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With the Chinese coronavirus pandemic, local government ordinances, worldwide drops in demand, and an ongoing oil price war assailing the Texas economy, many families are looking at cutting back. And when Texans are cutting back on their own budgets, they should expect no less from the state’s elected leaders.

A great place to start would be abolishing the Texas Enterprise Fund.

Created by the Texas Legislature as a “business incentive” with the alleged purpose of enticing companies to move to Texas and provide more jobs in the Lone Star State, the Texas Enterprise Fund’s sole purpose is to take money collected from Texas taxpayers and give it to businesses favored by the state’s elected leaders.

“The fund serves as a financial incentive for those companies whose projects would contribute significant capital investment and new employment opportunities to the state’s economy,” reads the entity’s website.

The “deal-closing” entity has been shelling out cash (over $500 million thus far) and turning hypocrites of Texas Republicans who (rightly) claim government doesn’t create jobs since 2003.

But this fund is different, proponents argue; there are safeguards that prevent public funds from being wasted. That’s true, there are requirements.

Applicants must show that they are a well-established and financially sound enterprise, operating in a mature industry that could potentially relocate to another state or country. To narrow the net further, the final decision is left to the governor, lieutenant governor, and speaker of the Texas House, who must unanimously approve of a project before it secures funding.

But the Texas Public Policy Foundation’s “Policymaker’s Guide to Corporate Welfare” quickly dismantles the argument that these requirements are sufficient safeguards for the public:

“On a surface level assessment, the case in favor of the Texas Enterprise Fund seems to hit all the right notes. That melody, however, quickly turns discordant once all the talking points are pulled back. For example, in September 2014, the State Auditor’s Office released a report that raised numerous questions as to the Texas Enterprise Fund’s management and the standards used to determine awards. The report noted that many early recipients never submitted a formal application, but obtained sizeable grants nonetheless. The Texas Tribune reported that the unrequested amount tipped upwards of $170 million.

 

“Although time would allegedly smooth over these early examples of mismanagement, the Texas Enterprise Fund suffered from an inadequate control structure throughout its existence. The 2014 audit observed that because of insufficient documentation and monitoring, ‘it was not always possible to determine whether award decisions were supported, or to determine the number of jobs that . . . the Texas Enterprise Fund created.’”

They later add:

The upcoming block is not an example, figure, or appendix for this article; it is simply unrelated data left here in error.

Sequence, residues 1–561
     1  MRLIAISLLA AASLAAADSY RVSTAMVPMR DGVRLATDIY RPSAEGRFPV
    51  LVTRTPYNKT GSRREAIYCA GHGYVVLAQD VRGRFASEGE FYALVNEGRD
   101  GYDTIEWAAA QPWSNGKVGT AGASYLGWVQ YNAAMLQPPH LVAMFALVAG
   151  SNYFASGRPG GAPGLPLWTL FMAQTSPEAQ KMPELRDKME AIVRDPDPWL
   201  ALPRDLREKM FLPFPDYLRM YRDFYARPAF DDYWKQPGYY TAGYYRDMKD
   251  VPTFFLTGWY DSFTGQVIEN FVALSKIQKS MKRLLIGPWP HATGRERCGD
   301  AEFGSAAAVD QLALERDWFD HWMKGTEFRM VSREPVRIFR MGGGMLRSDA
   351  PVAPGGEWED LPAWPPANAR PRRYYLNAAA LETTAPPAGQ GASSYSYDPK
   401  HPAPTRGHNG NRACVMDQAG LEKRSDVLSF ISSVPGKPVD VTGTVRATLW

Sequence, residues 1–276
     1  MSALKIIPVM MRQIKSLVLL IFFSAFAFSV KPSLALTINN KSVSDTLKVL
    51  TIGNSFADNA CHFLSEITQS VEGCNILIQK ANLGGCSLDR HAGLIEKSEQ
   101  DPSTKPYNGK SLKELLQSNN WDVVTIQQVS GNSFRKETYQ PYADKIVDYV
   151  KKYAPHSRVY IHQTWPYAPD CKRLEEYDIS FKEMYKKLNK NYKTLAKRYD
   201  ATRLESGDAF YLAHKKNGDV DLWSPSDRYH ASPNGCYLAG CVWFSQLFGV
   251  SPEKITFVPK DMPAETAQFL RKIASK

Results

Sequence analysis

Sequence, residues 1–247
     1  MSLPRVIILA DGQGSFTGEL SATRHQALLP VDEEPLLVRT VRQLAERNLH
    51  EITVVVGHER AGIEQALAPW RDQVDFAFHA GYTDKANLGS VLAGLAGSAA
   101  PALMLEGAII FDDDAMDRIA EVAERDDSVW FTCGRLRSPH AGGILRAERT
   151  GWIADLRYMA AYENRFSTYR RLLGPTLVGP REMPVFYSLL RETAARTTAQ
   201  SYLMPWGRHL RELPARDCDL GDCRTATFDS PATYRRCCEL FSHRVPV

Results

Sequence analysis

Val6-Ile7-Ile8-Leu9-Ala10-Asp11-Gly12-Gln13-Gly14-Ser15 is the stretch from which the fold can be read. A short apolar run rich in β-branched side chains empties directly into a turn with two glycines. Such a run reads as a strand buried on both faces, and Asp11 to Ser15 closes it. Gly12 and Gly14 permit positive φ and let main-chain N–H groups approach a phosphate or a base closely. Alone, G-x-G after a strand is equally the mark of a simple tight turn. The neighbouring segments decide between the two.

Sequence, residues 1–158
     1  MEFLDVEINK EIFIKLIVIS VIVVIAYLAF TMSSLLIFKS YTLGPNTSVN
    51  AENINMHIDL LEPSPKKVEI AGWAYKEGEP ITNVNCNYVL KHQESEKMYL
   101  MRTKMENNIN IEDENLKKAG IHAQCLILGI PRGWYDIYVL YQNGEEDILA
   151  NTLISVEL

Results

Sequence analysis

“Critics correctly argue that the procedural changes recommended by the State Auditor’s Office would not be enough to overcome the inefficiencies incumbent to the program. By its very nature, the Texas Enterprise Fund must pick winners and losers. It must decide who deserves public investment and who does not. Established companies will always have a step up in navigating that process. In addition, the size of the offered grants means that many companies will apply in the hopes of striking it rich despite knowing that they do not quite meet the standard.”

Their recommendation? Eliminate the Texas Enterprise Fund. And they’re not alone. A later study in 2019 by the Washington Center for Equitable Growth supports their findings.

So, the fund is ineffective and wasteful. How much money could taxpayers save if it were eliminated?

According to Abbott’s office, the fund currently has an available balance of $186,131,624. For reference, that’s more than the state has budgeted out of general revenue for the entire 2020-2021 biennium for the University of Texas at El Paso.

Shutting down the Texas Enterprise Fund would be a major win for taxpayers. And the good news? Texas has done something like it before.

Indeed, Texas has already shuttered one similar giveaway government agency. In 2014, Gov. Greg Abbott campaigned on eliminating the state’s beleaguered Emerging Technology Fund, which spent hundreds of millions and provided little in the way of jobs.

After taking office, he did just that—though he kept the total waste the same by redirecting funds to the Texas Enterprise Fund and the newly created University Research Initiative.

But that doesn’t mean he can’t get it right this time.

Abbott and the Texas Legislature should eliminate the Texas Enterprise Fund and use the savings to provide additional tax savings to everyday Texas families.

After all, this is their money, and in times when hardworking folks are suffering financial hardship, the least the State of Texas could do would be to return their hard-earned money to them.

This article is part of an ongoing series by Texans for Fiscal Responsibility to identify areas the Texas Legislature can to prioritize funding for public needs and property tax relief.

If you have ideas or suggestions of your own, please submit them to us, and we will explore their feasibility and financial effect. You can reach us at [email protected].